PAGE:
(16:22): Or if you're the CEO, if you create that culture, your employees will embrace it and, you know, reward you so passed along to the service of whatever business. Absolutely. So it'll trickle down into the end user, your customer. And that's what, we're where it really matters because without your true end user customer being satisfied, that's what truly builds the business. Yeah, no, I it's. Yeah. It gets you, it gets, you fired up about building a team. And I think there is a difference between leadership and management. And I think so many business owners come in the management mindset versus the leadership side. And I think that's where that leadership development, the personal development of how to empower and lift others up, we'll go beyond whatever it is that we can imagine. I think when in a team. So you definitely have got that going on when it comes to that. Let's shift gears here a little bit. So let me recap, let me recap on that first in terms of culture, and this is what I picked up the flexibility, having flexibility within a team, creating a family, creating a family, taking interest and your team's family. And I think you just become one big, large family. You get to know each other and the empowerment. And I think another one thing I took notes on was not only leading, but also getting in the trenches

(17:49): With your team and that trust that's where that trust really.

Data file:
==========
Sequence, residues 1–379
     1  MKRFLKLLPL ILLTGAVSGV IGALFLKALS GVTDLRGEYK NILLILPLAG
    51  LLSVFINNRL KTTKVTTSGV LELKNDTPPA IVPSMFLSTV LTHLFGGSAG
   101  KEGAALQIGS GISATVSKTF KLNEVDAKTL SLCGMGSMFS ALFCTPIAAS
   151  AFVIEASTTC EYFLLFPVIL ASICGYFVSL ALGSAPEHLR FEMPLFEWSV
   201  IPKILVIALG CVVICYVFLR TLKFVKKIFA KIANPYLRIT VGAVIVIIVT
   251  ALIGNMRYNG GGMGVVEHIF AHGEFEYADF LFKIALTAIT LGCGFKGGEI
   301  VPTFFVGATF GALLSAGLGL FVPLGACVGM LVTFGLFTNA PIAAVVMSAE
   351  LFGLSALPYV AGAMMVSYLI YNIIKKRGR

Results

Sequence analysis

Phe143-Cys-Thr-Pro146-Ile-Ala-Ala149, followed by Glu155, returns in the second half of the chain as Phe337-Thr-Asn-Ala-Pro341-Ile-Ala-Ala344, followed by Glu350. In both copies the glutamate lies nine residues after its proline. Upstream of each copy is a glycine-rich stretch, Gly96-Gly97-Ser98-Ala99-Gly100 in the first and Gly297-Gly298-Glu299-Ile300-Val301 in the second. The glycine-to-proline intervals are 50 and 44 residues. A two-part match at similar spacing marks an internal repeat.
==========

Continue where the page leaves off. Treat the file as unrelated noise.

(17:53): And the commitment level I think is what really happens when it comes to your team. So I love that culture. You've done an amazing, awesome job when it comes to that. And I know our team at the greenhouse is absolutely phenomenal, so we love it. We love them as well. So let's shift gears here and talk a little bit about adapting because, you know, we're seeing trends, we're seeing things shifting when it comes to the retail and we're seeing trends and massive shifts in the consumer end, the service end and all of these things. And we know life happens, things are gonna change constantly. Okay. And as business owners, entrepreneurs, you need to be able to keep up, adapt, Ideally stay ahead of these massive shifts. So it is 2020. Okay. So we all know what's happened in 2020 and all the changes. I kind of want to go into a little bit about how you have adapted in a retail sense and why this was the best thing ever than being closed off and quit and not being

(18:56): Adaptive to change a little bit. This, this, this truly was a crazy, crazy spring for us at the garden center. You know, when everything started to unravel mid-March and you know, most retail environments were basically closed by that time. All of our young plants and things that we grow green, you know, eight, 10 different greenhouses, we were totally full and it was totally well underway and there was no turning back. So we basically had 24 or 48 hours to digest. Okay. We have, you know, all of this product and we no longer have a market for it. So that was a really big eye opening moment from, from a business leader type position, because one, okay, this is going to really hurt financially. And then two, this is really going to hurt him emotionally because touching back to the staff, it, all of a sudden comes into play and all of their family.